This worry over the state of external things is directly related to worry over the state of one’s own soul. While it is true that God calls us to perfection, He does not expect us to be flawless immediately. Christian perfection is the work (first and foremost of God) of a lifetime, and is completed when we reach Heaven.
Also, Christian perfection is decidedly different from ‘perfectionism,’ in which someone relies on himself in a futile attempt never to do anything wrong and to be better than everyone else, out of the motives of pride and vanity. Indeed, scrupulosity could be defined as spiritual vanity. Someone who is vain about material things constantly wonders, “How do I look, how do I look?” while someone who is vain about spiritual things constantly wonders, “How does my soul look? How does my soul look?”
Instead of wanting utterly comprehensive and flawless confessions, perfectly enunciated prayers, or even no hair out of place on our heads, God really wants our love. He wants us to love Him above all else, and to love our neighbor for the love of Him. When asked what the greatest commandment is, Our Lord declared “Thou shalt love the Lord thy God with thy whole heart and with thy whole soul and with thy whole mind. This is the greatest and the first commandment. And the second is like this: Thou shalt love thy neighbor as thyself” (Mt. 22:37-39).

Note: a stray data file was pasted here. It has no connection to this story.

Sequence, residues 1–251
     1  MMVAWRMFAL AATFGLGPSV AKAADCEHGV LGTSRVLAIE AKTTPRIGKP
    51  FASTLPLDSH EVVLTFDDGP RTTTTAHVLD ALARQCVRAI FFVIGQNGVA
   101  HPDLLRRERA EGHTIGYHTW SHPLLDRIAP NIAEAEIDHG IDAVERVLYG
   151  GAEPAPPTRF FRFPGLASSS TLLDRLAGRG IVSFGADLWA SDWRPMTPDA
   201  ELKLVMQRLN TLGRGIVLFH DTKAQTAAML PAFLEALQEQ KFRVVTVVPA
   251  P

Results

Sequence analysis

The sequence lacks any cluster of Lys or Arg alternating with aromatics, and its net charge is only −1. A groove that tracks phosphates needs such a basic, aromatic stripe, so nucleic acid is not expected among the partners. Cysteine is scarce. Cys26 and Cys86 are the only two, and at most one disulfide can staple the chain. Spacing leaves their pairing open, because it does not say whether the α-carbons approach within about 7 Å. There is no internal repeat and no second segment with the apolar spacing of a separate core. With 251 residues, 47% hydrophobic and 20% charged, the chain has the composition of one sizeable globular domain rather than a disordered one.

A greater appreciation of the means of salvation the saints have used will enable the scrupulous soul to be more closely united with the Holy Trinity, through sanctifying grace. This grace is the love of God for souls, a love He enables us to return to Him through the theological virtue charity—the most necessary of all virtues—by which we love God above all else, and our neighbor as ourselves for the love of God. As Saint Anthony Mary Claret (1807-1870) states, “The most necessary virtue of all is love. Yes, I have said it once, and I will say it a thousand times . . .”
This little book is not meant to be a comprehensive manual with all the answers to all the questions that may come up in the fight against scrupulosity. Instead, it is a tool to help bring about sainthood, to which we are all called. Let us not deceive ourselves; our problems do not keep us from becoming saints; our problems help us to become saints, if we so will. The important thing is not the outward problem or challenge we face, but how we face it—that is, how we see it and in turn, respond to it. As Saint Alphonsus says, “Many things appear to us to be misfortunes, but if we understood the end for which God sends them, we would see that they are graces,” adding, “Contradictions, sickness, scruples, spiritual aridity and all the inner and outward torments are the chisel with which God carves his statues for Heaven.”
Paperback - 168 pages